7. KevinfromCanada Says:

    Guy: Thanks for the tip on the Montalbano series — alas, the DVDs that are available that I can find won’t work on my North American machine. I’ll keep watching for it since Mrs. KfC’s Italian is good enough for her to keep up and I don’t mind subtitles. She’s heading to Sardinia and Corsica later this year for a trekking trip and the Sicily setting would have appealed. You don’t happen to have any recommendations on films that have been shot on either, do you?


    • Guy Savage Says:

      Are you sure she doesn’t want to go to Tunisia? Then she can watch Satin Rouge.

      I can think of Les Sanguinaires. Liked it. Like all the director’s work.

      I’ve heard of (not seen) Three Step Dancing.


  8. Max Cairnduff Says:

    Mars-Jones for some reason never tempts me, and I remain strangely untempted here.

    The Montalbano tv series however, that’s a very different matter. I hadn’t realised they were available with English subtitles.

    On the Sicilian film front, have you seen La Scorta (The Bodyguard, no relation to the US film of the same name) Guy? I remember it as very good. It’s about the Mafia judge killings.


  9. KevinfromCanada Says:

    Max: Stay tuned until I have read Cedilla. Let’s face it the 50s were a pretty dull decade — I’ll be interested in seeing how Mars-Jones treats the 60s. I should also note that I am pretty hard to impress with language, so his ability to get me to pay attention (and chuckle more than once) is significant.


  10. Guy Savage Says:

    Kevin: aren’t you region 1 DVD?


    • KevinfromCanada Says:

      Guy: I am. When I searched Canadian sites last night I could find nothing except older messages saying no region 1 version was available. Once this message showed up, I tried Amazon US and found it (and ordered it). I have no idea why it is not being sold in Canada — now all I have to do is wait for it to get through customs, which sometimes takes some time. Thanks for the comment — I would have just sat waiting otherwise.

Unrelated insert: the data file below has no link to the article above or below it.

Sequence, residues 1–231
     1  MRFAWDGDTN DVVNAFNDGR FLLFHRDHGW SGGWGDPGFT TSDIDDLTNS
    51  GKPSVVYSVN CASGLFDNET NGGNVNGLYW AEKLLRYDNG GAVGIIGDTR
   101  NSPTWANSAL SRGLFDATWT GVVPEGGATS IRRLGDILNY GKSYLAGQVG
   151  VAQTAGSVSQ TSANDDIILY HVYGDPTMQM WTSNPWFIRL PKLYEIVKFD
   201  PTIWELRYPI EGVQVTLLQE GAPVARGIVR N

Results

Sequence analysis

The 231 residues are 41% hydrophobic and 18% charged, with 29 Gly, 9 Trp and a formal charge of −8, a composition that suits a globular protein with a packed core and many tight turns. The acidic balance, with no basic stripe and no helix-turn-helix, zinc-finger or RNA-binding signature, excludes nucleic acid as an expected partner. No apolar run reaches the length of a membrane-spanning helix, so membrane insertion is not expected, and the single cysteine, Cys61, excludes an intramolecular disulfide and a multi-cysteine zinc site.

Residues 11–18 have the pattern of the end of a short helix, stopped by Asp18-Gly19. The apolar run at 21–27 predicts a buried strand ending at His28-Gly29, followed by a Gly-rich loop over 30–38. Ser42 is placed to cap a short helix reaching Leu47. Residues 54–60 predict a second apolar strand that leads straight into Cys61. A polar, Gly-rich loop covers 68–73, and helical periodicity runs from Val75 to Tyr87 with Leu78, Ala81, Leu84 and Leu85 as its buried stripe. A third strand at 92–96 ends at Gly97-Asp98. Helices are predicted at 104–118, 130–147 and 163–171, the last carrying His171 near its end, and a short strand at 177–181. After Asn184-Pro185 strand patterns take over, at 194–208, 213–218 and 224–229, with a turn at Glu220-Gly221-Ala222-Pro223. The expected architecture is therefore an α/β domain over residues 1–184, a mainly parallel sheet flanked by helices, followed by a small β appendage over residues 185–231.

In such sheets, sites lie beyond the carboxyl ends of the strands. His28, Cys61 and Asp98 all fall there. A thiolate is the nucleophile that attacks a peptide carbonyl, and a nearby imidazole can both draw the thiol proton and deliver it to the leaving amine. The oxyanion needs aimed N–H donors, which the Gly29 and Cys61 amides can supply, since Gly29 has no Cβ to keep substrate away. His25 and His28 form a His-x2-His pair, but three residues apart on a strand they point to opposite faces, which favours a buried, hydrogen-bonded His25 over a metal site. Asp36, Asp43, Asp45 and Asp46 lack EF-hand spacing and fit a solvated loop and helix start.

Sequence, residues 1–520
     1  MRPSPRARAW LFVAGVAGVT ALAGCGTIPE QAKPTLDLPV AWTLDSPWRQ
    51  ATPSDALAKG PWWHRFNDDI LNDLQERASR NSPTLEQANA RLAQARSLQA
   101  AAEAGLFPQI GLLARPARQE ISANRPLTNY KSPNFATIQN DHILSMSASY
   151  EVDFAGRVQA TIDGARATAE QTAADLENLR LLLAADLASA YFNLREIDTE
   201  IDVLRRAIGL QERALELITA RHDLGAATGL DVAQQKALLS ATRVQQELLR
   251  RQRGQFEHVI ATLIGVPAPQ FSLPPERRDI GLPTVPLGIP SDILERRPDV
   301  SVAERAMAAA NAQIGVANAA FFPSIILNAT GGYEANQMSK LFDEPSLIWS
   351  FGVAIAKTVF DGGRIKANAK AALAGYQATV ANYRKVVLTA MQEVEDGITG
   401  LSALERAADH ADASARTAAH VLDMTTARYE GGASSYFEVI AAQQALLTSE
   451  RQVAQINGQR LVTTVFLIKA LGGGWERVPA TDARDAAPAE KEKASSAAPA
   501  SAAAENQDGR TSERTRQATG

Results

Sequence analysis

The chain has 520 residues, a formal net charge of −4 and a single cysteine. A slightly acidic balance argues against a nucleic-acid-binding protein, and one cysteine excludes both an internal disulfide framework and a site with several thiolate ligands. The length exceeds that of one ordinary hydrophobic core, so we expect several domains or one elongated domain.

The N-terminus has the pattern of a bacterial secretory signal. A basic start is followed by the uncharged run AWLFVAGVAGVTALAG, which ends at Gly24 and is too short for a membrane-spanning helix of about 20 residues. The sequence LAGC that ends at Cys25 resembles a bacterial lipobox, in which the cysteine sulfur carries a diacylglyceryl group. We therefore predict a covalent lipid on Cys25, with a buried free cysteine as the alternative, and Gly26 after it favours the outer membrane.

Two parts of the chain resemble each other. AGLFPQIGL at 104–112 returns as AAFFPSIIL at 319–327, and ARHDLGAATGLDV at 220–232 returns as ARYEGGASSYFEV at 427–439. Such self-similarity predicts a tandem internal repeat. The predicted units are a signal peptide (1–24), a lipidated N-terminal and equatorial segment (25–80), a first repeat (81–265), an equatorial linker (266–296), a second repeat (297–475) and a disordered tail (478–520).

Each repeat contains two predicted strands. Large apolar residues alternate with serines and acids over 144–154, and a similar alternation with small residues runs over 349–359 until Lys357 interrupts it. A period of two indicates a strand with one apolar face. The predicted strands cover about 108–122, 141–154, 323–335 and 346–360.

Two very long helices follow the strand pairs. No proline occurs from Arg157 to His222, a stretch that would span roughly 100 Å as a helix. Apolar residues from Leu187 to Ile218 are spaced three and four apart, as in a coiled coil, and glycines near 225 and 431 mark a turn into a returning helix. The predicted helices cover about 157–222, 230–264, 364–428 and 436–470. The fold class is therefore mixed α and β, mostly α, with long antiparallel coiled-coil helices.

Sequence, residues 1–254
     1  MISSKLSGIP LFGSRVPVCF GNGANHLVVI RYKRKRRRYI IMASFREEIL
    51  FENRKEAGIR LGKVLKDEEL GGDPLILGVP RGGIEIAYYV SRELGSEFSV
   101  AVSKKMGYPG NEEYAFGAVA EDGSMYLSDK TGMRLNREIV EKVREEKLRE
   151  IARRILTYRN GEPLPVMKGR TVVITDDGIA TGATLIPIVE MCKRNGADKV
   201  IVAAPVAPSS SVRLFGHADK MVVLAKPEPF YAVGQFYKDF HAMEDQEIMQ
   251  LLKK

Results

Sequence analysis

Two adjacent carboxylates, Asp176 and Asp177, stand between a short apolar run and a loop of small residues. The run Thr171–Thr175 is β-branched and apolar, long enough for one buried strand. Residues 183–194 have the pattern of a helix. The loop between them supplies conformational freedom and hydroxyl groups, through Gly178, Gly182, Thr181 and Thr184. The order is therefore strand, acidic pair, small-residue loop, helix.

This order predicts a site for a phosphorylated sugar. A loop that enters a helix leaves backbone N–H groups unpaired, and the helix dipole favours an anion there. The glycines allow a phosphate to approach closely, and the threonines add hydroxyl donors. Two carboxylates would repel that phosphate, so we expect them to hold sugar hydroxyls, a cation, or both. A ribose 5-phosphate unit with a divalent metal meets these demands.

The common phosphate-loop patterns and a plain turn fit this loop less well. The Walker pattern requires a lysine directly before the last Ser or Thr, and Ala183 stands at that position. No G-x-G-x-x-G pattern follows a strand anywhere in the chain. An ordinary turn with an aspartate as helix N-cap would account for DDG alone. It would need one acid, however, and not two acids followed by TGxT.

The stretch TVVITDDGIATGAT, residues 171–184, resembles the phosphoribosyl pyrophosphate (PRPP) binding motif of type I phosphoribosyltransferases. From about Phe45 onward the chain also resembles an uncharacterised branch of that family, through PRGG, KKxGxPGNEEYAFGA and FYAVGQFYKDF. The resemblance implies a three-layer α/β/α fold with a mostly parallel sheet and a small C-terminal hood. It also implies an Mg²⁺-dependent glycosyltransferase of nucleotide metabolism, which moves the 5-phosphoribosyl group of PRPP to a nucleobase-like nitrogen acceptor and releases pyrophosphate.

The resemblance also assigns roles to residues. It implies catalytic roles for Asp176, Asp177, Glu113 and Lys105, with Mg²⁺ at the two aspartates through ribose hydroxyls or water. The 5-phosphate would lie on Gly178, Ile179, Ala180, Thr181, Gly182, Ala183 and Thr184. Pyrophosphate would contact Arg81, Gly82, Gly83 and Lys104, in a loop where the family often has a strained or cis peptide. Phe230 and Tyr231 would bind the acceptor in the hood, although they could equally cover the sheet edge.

11. Isabel Says:

    The character reminds me a bit of President Teddy Roosevelt. Teddy was sickly as a child but he was able to imagine a lot of things and had too much time to think. But, as an adult, he did a lot of fun things.


  12. kimbofo Says:

    I’m with Max here. For reasons I can’t fathom I’m not remotely interested in reading his work, and despite your excellent (as always) review, I’m put off by the idea of having to read it in 50-page installments, as you suggest. I’m already doing that with Zola’s Ladies Delight and Vera Brittain’s autobiography, both of which I have been reading on and off this way since late August!! My reading works best when I read one book cover-to-cover in as few days as possible!


  13. KevinfromCanada Says:

    Kim: I’ll repeat a previous thought — wait until you see the reviews of part two (if you don’t want to read all four, there is not much point in reading just one).


  14. Colette Jones Says:

    An excellent review, Kevin. I’m looking forward to Cedilla but John Self’s mention that it is 200 pages LONGER than Pilcrow is a bit daunting. (I’m currently 120 pages away from the end of Freedom – enjoying it… more on that soon)


  15. KevinfromCanada Says:

    Colette: I am interested in your thoughts on Freedom and whether it has more appeal for American ex-pats as we speculated it might earlier. Also, if I can be so bold, I’d suggest moving quickly on to Linda Grant’s new one, We Had It So Good. It comes out soon — I’ve read it once but want to give it another read before doing a review. Like Freedom, it is multi-generational and set in the same era — this time, however, the central character is an ex-pat American who went to England as a Rhodes Scholar and never quite escaped. You are in a unique position to be able to compare the two.


  16. susanonthesoapbox Says:

    Kevin, I’d like to pass on another movie recommendation for you and Mrs KFC–The Last September. Interesting movie about the end of British rule in Ireland from the perspective of the Anglo-Irish aristocracy (they’re a tad clueless). It’s based on the book by Elizabeth Bowen and stars Maggie Smith, Michael Gambon and Keeley Hawes. Keeley is also in Tipping the Velvet, as you know. I’ll watch anything she’s in–MI-5, Death at a Funeral–now if I could just get my hands on the re-make of Upstairs, Downstairs, my life would be complete.


  17. Sheila O'Brien Says:

    hi Susan
    Thank you for the recommendation. It sounds great! We will certainly get it.
    Don’t forget to watch the first episode of Downton Abbey tonight – that may help fill in the gap in your life until you can get the Upstairs Downstairs remake!


  18. susanonthesoapbox Says:

    Thanks for the reminder! It just just ended. Isn’t Maggie Smith delightful?